Us kids would often walk up Slade Run Drive to the woods that went beyond it and then along a trail that would lead through the woods to a clearing where there was a circle with a bunch of old junked cars scattered around it. An old farm house and barn were perched up on a hill above this circle. We called it Cockatoo Farm although I don't know if that was the correct name. It is in fact where Round Tree Park is now off of Annandale Road, before you get to the entrance to old Broyhill Park. I remember a few of us  sneaking up into the barn one time and climbing into the loft where we found an old chest full of clippings of newspaper articles on different gangsters and crime stories. The creek below the farm I guess is Parrots creek on the other side of Annandale Road from where the old Walnut Hill Mansion was. We would often follow the creek downstream for what seemed like miles looking for frogs, snakes, turtles anything we could find to bring back home.

Back then Seven Corners shopping centers was THE place for a kid to shop around at. Remember there were No Malls. I remember just being amazed at how big the place was and how could there possibly be that many bricks in the world to build this place. My favorite place was the five and dime store there, Woolworths? I could look for hours at their toys and plastic models. Again when Mom and Dad didnt take us to Seven Corners we would sometimes hop on our bikes and ride there. There was so little traffic back then compared to now and you didn't have to worry about anybody bothering or harming you,

Another kid hangout was the Drug Fair store off of I believe Graham Road. My brother and I would sometimes walk there or ride bikes and you could buy full size candy bars there for 5 cents apiece or 6 for a quarter. He would buy six and I would buy 6 different ones and when we got back home we would cut  the candies in two giving us each 12 different types of candies with which we would proceed to get the ultimate sugar high. The Drug Fair was also a good place to kickback at the grill in back to have a Pepsi or a Cherry coke, and comic books abounded in the place!

I had great childhood friends as a child in Broyhill Park. Friends such as Mark Lawall, Jerry Clark, Mario Sarivia and others that I missed greatly after moving at age 14. And though I haven't kept in touch with them I still keep in touch of the fond memories of the neighborhood of that era.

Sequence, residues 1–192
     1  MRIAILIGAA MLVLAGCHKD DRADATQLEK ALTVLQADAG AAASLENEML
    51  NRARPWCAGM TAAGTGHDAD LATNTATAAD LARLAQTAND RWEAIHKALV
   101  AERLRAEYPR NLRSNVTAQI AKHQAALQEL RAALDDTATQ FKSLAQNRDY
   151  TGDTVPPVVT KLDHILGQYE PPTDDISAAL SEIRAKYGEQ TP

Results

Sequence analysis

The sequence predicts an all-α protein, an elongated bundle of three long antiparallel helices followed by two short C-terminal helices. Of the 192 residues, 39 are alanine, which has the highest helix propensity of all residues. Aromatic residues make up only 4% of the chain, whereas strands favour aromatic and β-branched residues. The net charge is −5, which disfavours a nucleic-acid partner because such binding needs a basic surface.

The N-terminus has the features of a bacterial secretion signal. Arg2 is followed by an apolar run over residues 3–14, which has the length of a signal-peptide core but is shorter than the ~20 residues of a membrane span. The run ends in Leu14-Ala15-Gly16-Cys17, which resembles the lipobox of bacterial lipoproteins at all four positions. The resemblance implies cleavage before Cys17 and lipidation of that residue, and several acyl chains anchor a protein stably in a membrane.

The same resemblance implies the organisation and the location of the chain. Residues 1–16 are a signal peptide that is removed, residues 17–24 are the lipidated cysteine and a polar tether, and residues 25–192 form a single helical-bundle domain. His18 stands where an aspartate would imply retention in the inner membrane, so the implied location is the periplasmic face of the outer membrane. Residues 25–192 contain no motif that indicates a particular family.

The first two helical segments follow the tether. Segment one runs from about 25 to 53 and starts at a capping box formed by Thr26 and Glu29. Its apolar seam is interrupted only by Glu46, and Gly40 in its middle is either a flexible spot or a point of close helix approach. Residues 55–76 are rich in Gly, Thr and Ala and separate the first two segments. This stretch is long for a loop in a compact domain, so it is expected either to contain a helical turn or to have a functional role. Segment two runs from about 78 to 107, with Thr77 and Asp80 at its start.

I now live on a isolated 57 acre farm in Louisa County but at times my mind fondly drifts back to the neat rows of red brick houses, with their grass fringed sidewalks. To me growing up there when I did was magical.

Mr. Faunce added later:

Hello again. I remember Mom telling me that the Walnut Hill mansion was originally built by an owner of a bus line, although I can't remember the name of the bus line or the owners' name. I recall one time as a kid sliding around on the frozen pond out front and a man riding a horse down the hill side and telling me to be careful of thin ice. I remember it was nothing at all to drive by the mansion and see lots of deer in the front yard. Other than that I can't tell you any thing else about the mansion that you probably don't already know.
I remember Dr. Neighgan our family Vets' office across Annandale road and down aways from the mansion. Our family dentist was Dr. Good and our family doctor was Dr. Provansanta, all area Doctors. (Funny how I remember things in life that do me absolutely no good)!
Jefferson Theater at the intersection of Graham Road and Route 50 was a favorite movie theater for Broyhill Park kids back then. I can remember standing in a long line many a time waiting to see a movie. Concessions were a bit high but nothing like they are in a theater today. We walked to school from Hickory Hill road  to Walnut Hill Elementary until bus service was provided when I was in the third grade. I am sure the distance was over a mile and there were "crossing guards" at every street corner from our house to the school.  I went to Whittier Junior High for seventh grade which later became Falls Church Senior High.
I am sure the atmosphere of the neighborhood has changed dramatically in the last 40+ years, but I can tell you what a haven it was for kids during my youth! We didn't sit in monotone for hours pressing buttons to a video game. We were outside most of the time playing with other neighborhood kids or seeing what sports were going on in the courts. Halloween was a favorite holiday, a time to be afraid of witches or vampires, not of other people, and we would walk for miles unescorted in the dark until our candy bags could hold no more.
With all the children have now days I can honestly say I was very lucky to grow up when I did in Broyhill Park "back then."